6.04 million small businesses have employees, meaning 20% of all small businesses have at least one paid employee. Small businesses comprise 99.7% of all firms with paid employees.
Here are the percentages of small business owners by race, as of the most recent Kauffman Index:
For context, here’s how those numbers have changed since 1996:
As of 2015, the percentages of small business owners by gender as of 2015 are:
The percentage of female small business owners has increased by 1.48% since 1996—so there’s a lot more room to grow.
Despite all the buzz, millennials (those aged 20-38 at the time of this survey) actually aren’t the most entrepreneurial generation—at least not when it comes to small business.
Here’s what the age breakdown of small business-ownership actually looks like, according to our trusty Kauffman Index:
Older Gen-Xers and baby boomers take the win here, followed by younger Gen-Xers and, finally, millennial business owners.
These data points are intended to give you greater insight into the role that small business plays in the U.S. economy. Remember, though, that statistics should often be taken with a grain of salt. No matter which statistic you’re reviewing, understand which source the data is pulled from, when the data was compiled, as well as their definition of a small business, as this changes depending on who puts together the study. If you’re curious about a statistic we didn’t provide here, reach out and we’ll do our best to find it for you.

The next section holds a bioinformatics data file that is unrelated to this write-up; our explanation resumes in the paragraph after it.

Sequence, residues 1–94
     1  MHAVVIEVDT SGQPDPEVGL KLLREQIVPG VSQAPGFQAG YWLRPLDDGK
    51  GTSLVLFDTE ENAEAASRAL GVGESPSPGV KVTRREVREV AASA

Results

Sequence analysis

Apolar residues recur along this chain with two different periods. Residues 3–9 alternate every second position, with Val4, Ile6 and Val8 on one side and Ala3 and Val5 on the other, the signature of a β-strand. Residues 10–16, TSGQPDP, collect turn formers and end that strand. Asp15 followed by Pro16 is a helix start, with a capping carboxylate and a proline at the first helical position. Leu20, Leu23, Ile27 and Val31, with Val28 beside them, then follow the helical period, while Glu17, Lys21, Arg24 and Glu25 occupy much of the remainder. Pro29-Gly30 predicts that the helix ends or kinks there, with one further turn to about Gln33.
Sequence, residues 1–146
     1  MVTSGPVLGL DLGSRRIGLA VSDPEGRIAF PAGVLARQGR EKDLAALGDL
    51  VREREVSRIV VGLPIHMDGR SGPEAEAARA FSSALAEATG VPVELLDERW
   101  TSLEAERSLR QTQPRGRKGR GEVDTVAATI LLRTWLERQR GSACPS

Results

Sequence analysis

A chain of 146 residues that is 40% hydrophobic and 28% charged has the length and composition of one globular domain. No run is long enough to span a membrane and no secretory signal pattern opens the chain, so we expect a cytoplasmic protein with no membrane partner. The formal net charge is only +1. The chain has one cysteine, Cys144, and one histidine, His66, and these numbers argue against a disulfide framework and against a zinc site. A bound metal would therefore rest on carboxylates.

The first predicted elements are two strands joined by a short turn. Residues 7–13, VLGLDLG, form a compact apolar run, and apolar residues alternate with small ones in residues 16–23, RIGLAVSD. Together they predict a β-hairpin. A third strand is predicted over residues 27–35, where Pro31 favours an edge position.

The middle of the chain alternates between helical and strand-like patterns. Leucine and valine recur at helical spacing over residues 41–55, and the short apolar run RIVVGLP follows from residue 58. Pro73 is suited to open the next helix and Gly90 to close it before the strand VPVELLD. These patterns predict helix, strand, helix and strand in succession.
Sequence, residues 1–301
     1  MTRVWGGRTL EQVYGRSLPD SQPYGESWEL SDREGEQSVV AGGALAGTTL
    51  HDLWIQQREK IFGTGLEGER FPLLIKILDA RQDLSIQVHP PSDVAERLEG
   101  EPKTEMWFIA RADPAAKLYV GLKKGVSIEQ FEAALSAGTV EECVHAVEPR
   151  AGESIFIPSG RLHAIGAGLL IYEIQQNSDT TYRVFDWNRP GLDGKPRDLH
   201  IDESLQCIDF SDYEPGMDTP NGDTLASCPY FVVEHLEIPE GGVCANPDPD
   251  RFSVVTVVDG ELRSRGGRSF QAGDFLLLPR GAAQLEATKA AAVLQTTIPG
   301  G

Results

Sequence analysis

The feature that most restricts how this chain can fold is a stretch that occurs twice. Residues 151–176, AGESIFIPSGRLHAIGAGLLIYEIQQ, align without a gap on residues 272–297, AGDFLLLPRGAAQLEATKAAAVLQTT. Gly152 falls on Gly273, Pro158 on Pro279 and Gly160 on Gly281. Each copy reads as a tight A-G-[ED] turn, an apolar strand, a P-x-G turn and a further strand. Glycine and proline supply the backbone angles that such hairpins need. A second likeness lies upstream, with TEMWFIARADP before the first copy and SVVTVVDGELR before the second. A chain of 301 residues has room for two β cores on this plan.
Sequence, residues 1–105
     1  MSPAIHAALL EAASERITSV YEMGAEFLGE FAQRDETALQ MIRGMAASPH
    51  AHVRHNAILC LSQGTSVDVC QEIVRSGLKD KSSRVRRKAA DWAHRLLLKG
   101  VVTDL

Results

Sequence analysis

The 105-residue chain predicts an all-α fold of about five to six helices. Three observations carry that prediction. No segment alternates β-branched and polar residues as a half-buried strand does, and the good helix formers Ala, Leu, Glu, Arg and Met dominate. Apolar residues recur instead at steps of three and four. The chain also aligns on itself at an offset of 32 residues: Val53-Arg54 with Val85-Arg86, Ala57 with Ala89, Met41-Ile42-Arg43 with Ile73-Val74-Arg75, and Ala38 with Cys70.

No matter how you splice the numbers, however, it remains clear that small business is integral to a vital economy. Small firms greatly outnumber large ones, in addition to providing a healthy amount of employment. Does that make small business the backbone of America? We hope you can now decide that for yourself.
Read more helpful business-related statistics:
Sally Lauckner is the editor-in-chief of the Fundera Ledger and the editorial director at Fundera.
Sally has over a decade of experience in print and online journalism. Previously she was the senior editor at SmartAsset—a Y Combinator-backed fintech startup that provides personal finance advice. There she edited articles and data reports on topics including taxes, mortgages, banking, credit cards, investing, insurance, and retirement planning. She has also held various editorial roles at AOL.com, Huffington Post, and Glamour magazine. Her work has also appeared in Marie Claire, Teen Vogue, and Cosmopolitan magazines.